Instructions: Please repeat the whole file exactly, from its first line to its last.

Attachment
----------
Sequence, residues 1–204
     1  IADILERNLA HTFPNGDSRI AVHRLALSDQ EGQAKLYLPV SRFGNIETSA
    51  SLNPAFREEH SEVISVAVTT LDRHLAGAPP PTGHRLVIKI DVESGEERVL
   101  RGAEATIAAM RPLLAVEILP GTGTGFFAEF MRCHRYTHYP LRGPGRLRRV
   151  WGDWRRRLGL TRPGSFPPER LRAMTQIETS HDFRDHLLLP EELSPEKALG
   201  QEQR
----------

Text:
Sequence, residues 1–204
     1  IADILERNLA HTFPNGDSRI AVHRLALSDQ EGQAKLYLPV SRFGNIETSA
    51  SLNPAFREEH SEVISVAVTT LDRHLAGAPP PTGHRLVIKI DVESGEERVL
   101  RGAEATIAAM RPLLAVEILP GTGTGFFAEF MRCHRYTHYP LRGPGRLRRV
   151  WGDWRRRLGL TRPGSFPPER LRAMTQIETS HDFRDHLLLP EELSPEKALG
   201  QEQR